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What Supervision is Recommended During Playground Play by the U.S. Safety Consumer Product Safety Commission?

By David Wolf, Attorney
Published by Child Injury Lawyer Network


The U.S. Product Safety Commission publishes guidelines and recommendations for the set up, maintenance, and supervision of children in playgrounds in the publication – Public Playground Safety Handbook. Because playgrounds are present in virtually every school, community, day care center, and park, it is important that guidelines and recommendations are considered and followed when reasonable and practical to do so.

As noted in the Handbook, not all playground equipment is suitable for a particular age group or for children using or having access to the playground site. In order to determine if a playground is appropriate for a certain age group. The following guidelines are set forth in the Handbook:

Toddlers (Children in this group range in age from 6 months old to 23 months old.)
Playground equipment should include ramps, stairways, and swings with bucket seats. If ladders are in place, ladders should be single file / person ladders. Climbing equipment should be under 32 inches high.

Pre-School (Children in this group range in age from 2 years old to 5 years old.)
If ladders are in place, ladders should be single file ladders. Climbing equipment should be less than or equal to 60 inches in height for children ages 4 years old and 5 years old.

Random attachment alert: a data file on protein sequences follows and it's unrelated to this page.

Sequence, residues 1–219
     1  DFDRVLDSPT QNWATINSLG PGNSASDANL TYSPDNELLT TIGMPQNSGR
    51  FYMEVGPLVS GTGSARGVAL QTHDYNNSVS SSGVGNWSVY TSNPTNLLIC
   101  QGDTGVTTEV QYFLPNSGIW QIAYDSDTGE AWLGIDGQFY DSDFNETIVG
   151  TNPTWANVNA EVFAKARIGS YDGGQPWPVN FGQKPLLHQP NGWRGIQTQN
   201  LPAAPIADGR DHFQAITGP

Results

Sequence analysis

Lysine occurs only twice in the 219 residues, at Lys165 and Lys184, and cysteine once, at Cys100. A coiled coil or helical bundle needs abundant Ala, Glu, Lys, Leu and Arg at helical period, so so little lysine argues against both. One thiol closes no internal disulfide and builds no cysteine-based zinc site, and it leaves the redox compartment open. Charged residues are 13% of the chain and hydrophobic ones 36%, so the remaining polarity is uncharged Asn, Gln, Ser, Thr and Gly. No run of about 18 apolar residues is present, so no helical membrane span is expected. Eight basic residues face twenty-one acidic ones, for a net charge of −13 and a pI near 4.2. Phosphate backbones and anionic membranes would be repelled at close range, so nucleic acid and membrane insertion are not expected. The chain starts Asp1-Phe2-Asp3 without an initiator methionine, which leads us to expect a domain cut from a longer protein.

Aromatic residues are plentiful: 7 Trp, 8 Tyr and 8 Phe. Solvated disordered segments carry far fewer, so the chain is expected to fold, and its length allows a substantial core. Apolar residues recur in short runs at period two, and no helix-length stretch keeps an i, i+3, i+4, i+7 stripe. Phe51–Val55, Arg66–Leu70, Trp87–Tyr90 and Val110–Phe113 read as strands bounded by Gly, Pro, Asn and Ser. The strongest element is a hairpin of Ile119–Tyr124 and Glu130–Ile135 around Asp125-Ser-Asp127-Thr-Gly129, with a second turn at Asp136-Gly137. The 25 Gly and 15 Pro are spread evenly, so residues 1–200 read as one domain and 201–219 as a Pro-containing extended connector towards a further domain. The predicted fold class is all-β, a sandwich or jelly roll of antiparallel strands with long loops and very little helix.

Grade School (Children in this group range in age from 5 years old to 12 years old.)
See Public Playground Safety Handbook for what equipment would be appropriate for this age group.

While it is important to have children playing in an age appropriate playground, it is also important for there to be adequate and appropriate supervision. Children often times will misuse equipment or engage in dangerous stunts. Because of the curiosity of children as well as the developing motor skills, supervision should be present at all times. Supervision of children on playgrounds should include the following:

Check the surface of the playground;

Inspect the playground for broken or damaged equipment;

Check the playground for unsafe modifications including but limited to ropes that are added to the equipment but are not part of the original design and are not provided by the manufacturer;

Removing any broken glass or other items that may cause harm to the children;

Require that the children wear appropriate foot wear; and

Keeping children in the playground area so that they do not wander away or subject to abduction by strangers.

The ABCs of Child Injury – Legal Rights of the Injured Child – What Every Parent Should Know – has chapters on Playground Injuries, Day Care Center Injuries, School Injuries, and other topics.

The book was written by David Wolf, an attorney who has dedicated his entire legal career to the protection and enforcement of the rights of children. You can get this book for free at The ABCs of Child Injury.

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